Whether a petition to recall the president of the Valley Medical Center Board of Commissioners would move forward was argued Thursday for about an hour, but the judge indicated he wouldn’t issue his ruling until Tuesday (yesterday).
King County Superior Judge Michael Trickey presided over what’s known as a “sufficiency hearing”.
Chris Clifford of Renton filed the petition against board President Don Jabcobson. Clifford stated that Jacobson had violated the Open Public Meetings Act and abused his power as president of the board by circumventing its bylaws.
Jacobson’s attorney, Scott Johnson, argued that the entirety of the recall petition was without merit and not worth wasting the court’s time discussing.
David Berman, an attorney from the firm of Perkins Cooie retained to represent the hospital, was granted a motion to intervene on behalf of Valley but was limited to narrow scope of argument.
Clifford pointed to the discussion of an ethics code at the board’s education retreat in December. He argued that though the meeting was properly noticed, it was held 150 miles outside of the district, and that the meeting agenda that was published never mentioned discussion of a proposed ethics code.
“There is no notice of a business meeting in this notice,” Clifford said. “Even if it was part of the education seminar, it was not part of the minutes, not part of the notice. They didn’t even put it on the agenda that they were going to talk about (the ethics code). This is an absolutely egregious violation of the open meetings act.”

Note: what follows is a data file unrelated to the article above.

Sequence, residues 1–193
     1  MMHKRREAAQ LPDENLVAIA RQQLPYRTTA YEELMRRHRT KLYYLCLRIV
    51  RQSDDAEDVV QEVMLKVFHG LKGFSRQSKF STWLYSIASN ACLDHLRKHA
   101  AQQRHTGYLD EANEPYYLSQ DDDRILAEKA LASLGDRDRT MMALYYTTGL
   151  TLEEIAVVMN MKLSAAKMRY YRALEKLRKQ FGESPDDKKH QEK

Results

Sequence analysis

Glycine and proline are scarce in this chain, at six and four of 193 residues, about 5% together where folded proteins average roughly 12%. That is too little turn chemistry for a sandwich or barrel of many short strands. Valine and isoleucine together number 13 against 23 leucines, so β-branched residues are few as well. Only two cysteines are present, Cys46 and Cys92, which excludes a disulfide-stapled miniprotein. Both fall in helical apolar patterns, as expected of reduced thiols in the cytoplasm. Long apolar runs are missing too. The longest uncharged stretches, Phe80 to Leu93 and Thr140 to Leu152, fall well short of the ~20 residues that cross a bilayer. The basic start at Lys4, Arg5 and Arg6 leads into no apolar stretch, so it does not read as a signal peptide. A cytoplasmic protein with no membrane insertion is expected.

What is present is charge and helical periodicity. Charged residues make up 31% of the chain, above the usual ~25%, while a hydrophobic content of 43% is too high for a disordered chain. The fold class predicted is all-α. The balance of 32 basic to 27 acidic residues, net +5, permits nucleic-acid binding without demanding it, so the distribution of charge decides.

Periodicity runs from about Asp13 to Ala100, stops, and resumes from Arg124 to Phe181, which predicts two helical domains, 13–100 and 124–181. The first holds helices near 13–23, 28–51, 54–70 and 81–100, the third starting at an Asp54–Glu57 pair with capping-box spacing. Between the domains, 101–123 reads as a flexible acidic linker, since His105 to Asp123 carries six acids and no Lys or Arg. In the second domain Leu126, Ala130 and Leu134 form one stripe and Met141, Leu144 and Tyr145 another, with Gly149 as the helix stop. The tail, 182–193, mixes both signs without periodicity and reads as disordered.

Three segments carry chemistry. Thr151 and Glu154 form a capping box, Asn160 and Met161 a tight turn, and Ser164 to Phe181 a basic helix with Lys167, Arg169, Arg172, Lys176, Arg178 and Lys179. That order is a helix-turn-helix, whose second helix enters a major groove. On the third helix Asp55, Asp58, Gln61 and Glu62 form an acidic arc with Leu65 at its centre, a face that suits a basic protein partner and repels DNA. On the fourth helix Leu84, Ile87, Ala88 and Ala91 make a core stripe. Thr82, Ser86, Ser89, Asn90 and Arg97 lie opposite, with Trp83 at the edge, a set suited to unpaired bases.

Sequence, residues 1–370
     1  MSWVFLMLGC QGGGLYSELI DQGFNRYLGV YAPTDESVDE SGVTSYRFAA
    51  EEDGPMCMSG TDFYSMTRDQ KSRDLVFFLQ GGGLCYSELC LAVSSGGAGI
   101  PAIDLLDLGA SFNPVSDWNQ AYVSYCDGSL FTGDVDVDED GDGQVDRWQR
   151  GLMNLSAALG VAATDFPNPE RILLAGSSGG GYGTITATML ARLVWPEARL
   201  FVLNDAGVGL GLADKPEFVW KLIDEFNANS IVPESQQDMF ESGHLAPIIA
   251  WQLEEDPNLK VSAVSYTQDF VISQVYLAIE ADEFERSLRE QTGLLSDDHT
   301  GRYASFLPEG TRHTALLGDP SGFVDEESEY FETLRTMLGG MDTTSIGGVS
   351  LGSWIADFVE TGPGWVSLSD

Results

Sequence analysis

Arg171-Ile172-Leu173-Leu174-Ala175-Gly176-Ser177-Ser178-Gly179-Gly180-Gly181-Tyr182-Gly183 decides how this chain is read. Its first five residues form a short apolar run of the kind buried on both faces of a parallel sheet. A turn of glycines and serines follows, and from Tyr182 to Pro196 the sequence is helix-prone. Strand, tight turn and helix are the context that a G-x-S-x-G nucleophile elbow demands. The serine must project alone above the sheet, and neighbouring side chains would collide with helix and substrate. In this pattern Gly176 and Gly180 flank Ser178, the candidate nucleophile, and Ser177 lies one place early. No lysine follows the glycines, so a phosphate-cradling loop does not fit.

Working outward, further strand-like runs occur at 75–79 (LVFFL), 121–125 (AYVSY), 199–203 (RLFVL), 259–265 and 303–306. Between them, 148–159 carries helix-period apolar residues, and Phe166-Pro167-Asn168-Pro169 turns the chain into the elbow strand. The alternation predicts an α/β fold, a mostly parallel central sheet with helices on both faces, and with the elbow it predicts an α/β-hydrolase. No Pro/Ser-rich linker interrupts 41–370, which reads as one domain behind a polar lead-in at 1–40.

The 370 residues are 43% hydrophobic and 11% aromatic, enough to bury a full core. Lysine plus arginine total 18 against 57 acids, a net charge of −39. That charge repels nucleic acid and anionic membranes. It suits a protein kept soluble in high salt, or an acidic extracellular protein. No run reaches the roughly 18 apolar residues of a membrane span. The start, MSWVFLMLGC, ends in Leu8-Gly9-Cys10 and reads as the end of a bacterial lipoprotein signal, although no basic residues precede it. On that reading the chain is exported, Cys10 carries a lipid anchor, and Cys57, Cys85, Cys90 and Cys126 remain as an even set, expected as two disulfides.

He argued that this was a violation of the Open Public Meetings Act because they had a business discussion and created new policy which was later passed without discussion at the board’s Dec. 17 meeting.
But Valley’s attorney disputed that point.
“It is clear that it was an open public meeting,” Berman said. “There’s no substantive violation much less an intentional violation by Mr. Jacobson.”
Berman, in representing the hospital, said there are concerns this recall petition could discourage other qualified candidates from running for the hospital board.
“It would deter people from serving,” Berman said. “It would cause them to second guess others and it would cause administrative workings to grind to a halt.”
He also asserted that Clifford’s suggestion that the open meetings act be strictly interpreted was not meeting with the spirit and intent of the law.
“There’s nothing in the bylaws or the Open Public Meeting Act that states they should be interpreted strictly,” Berman said.
Clifford also took issue with Jacobson’s alleged unauthorized unilateral creation of a subcommittee as well as statements made regarding a closed-door review of the state Public Disclosure Commission’s investigation into campaign finance violations in 2005 and 2006 for which Valley CEO Rich Roodman later agreed to pay fines.
“Don Jacobson has served on school boards,” Clifford said. “He’s served on this board for many years. He knows the open meetings law. It is a duty of the president to know his powers.”
Berman refuted Clifford’s arguments.
“There is nothing in the facts presented by Mr. Clifford that shows there was (malicious intent),” Berman said.
In order for the recall petition to be considered sufficient, Clifford was required to prove a prima facie case, or establish enough facts to support the petition. Trickey is not supposed to determine the truth of facts provided.
If the recall petition is found sufficient, Clifford will have 180 days to collect more than 14,000 signatures, which would then have the recall go to ballot.
The last successful recall in the county was in 2004.